22 August 2011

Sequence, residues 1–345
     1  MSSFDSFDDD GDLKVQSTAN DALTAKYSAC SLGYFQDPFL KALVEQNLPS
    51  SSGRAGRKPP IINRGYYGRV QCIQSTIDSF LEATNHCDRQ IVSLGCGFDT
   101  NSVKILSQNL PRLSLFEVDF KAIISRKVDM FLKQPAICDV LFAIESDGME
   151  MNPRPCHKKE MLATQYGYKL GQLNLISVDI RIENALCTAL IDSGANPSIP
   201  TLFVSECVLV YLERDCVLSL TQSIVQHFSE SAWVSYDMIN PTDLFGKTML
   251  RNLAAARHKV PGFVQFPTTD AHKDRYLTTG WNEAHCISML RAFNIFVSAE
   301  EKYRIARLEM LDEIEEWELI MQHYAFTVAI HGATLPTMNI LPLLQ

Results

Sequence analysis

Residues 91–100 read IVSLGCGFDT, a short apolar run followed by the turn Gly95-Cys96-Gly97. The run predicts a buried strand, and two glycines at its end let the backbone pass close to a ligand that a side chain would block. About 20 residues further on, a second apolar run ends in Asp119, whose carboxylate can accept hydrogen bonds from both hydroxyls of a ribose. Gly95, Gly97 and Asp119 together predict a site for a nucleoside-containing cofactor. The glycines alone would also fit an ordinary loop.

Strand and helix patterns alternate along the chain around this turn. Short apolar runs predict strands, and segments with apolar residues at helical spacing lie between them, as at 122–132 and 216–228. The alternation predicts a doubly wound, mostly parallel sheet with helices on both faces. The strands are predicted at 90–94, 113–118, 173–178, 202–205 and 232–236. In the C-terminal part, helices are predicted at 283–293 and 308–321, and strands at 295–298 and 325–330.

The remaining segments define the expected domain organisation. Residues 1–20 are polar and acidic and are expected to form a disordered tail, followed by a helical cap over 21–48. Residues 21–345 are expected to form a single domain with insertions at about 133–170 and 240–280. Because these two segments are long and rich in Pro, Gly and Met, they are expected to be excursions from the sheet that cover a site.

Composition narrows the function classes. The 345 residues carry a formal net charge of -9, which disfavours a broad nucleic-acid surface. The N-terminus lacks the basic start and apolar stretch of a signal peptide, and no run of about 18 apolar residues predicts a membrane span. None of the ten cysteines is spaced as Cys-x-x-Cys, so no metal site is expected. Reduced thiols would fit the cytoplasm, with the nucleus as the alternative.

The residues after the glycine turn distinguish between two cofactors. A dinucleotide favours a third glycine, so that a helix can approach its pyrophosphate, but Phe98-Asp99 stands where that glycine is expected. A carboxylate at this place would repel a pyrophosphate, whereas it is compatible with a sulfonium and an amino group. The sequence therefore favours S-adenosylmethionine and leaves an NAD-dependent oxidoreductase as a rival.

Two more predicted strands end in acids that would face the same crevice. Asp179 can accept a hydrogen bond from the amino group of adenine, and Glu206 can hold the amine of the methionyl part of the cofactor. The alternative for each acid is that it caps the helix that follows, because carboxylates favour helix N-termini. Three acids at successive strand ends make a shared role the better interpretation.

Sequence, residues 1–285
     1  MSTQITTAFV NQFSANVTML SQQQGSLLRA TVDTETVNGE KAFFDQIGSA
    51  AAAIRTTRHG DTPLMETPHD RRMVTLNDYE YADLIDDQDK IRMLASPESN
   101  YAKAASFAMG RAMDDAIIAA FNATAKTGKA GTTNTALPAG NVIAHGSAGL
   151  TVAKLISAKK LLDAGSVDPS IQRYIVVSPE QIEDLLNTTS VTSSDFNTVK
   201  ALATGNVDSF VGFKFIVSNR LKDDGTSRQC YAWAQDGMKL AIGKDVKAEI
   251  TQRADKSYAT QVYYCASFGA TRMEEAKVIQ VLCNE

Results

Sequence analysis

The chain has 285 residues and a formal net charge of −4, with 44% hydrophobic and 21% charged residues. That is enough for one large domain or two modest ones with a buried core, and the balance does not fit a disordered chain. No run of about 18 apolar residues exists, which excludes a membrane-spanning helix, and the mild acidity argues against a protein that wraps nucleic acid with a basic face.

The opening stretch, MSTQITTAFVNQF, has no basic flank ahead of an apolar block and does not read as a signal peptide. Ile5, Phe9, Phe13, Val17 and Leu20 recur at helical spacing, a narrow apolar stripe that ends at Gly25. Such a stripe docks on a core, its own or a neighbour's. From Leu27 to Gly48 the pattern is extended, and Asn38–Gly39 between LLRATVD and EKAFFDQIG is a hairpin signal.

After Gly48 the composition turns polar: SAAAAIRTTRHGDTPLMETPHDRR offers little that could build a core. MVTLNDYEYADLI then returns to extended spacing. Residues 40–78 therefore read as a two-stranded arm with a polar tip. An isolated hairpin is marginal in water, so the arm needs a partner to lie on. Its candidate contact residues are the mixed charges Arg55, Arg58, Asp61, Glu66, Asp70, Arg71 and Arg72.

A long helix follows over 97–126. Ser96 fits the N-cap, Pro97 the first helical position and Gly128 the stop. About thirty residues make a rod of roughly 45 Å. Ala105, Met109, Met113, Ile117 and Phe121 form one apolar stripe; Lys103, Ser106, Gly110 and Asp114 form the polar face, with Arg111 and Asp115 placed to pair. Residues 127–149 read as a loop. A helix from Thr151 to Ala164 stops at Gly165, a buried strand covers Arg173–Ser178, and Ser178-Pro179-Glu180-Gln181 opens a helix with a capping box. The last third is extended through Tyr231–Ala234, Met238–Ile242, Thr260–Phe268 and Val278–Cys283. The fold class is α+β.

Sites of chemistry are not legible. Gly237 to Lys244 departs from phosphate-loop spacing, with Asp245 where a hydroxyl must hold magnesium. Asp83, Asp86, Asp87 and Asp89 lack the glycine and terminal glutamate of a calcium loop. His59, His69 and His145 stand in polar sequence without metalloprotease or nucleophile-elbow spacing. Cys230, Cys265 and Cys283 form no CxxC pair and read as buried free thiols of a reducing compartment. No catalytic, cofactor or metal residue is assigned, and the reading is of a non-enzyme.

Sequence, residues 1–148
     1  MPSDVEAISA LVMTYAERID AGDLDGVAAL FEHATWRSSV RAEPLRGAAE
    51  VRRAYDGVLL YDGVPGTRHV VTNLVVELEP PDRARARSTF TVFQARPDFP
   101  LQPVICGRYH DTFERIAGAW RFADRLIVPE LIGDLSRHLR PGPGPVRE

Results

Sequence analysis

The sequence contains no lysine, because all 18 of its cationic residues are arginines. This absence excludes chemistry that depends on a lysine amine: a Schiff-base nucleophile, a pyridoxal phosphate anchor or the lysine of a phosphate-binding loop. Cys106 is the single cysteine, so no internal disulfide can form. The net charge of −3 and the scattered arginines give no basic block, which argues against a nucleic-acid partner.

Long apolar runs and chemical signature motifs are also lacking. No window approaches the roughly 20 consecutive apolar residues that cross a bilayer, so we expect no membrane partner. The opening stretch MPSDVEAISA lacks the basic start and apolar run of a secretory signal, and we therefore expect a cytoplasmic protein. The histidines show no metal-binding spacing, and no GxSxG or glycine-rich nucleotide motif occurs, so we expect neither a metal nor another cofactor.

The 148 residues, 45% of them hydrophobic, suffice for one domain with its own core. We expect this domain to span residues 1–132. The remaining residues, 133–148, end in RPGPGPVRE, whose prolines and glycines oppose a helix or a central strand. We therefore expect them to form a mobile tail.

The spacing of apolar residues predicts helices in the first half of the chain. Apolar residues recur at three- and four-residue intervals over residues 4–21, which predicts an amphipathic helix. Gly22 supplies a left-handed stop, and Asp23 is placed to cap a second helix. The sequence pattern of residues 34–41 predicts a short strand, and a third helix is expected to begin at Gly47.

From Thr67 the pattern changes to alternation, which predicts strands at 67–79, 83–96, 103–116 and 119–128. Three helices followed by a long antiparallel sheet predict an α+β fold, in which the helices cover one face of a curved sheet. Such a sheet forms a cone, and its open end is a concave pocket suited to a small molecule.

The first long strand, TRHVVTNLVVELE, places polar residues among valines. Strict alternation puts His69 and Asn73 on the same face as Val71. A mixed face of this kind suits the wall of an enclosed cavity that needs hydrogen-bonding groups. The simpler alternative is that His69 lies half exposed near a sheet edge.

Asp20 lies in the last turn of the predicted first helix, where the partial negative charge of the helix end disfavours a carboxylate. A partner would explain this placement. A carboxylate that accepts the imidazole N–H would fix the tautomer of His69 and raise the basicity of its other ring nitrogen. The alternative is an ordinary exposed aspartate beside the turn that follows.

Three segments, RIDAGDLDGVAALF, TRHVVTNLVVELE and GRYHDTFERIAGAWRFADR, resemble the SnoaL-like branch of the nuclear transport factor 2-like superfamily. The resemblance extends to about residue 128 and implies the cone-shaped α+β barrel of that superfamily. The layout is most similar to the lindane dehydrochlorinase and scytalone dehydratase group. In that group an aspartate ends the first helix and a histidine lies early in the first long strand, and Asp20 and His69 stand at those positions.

Created with Admarket's flickrSLiDR.For many of the children who go to Bilal Fahes School in Nabatieh, in southern Lebanon, the daily threat from unexploded cluster bombs is very real. Around a third of cluster bomb victims worldwide are children as their natural curiosity means they are drawn to the interesting-looking but deadly weapons that litter their land. At least 12 of 2,500 students at Bilal Fahes have directly experienced the devastating impact of cluster bombs, with either themselves or a member of their family having been injured by one of the hundreds of thousands of submunitions that failed to explode on impact during the 2006 war.To try and reduce this threat, the students are given various photos of different mines and cluster bombs by 23-year-old Ahmad Wehbi, a senior member of the Islamic Risala Scout Association who is specially trained in Risk Education (RE). The children have to guess what the pictures are of – are they mines or cluster bombs? They then stick their answers on the blackboard under the correct title and Ahmad explains the dangers of each of item telling them not to approach them, not to touch them, and who to tell if they see one.There are at least 2,897 survivors of cluster bombs and other unexploded ordnance including landmines in Lebanon, and hundreds of thousands more throughout the world.Today marks three weeks until governments gather in Beirut, Lebanon for the Second Meeting of States Parties to the 2008 Convention on Cluster Munitions (2MSP) from 12-16 September.The CMC is calling on all countries to come to the Beirut conference and show progress in clearing contaminated land, destroying cluster munition stockpiles, and ensuring affected communities receive much-needed assistance. Those who have not yet joined the convention are also invited to attend.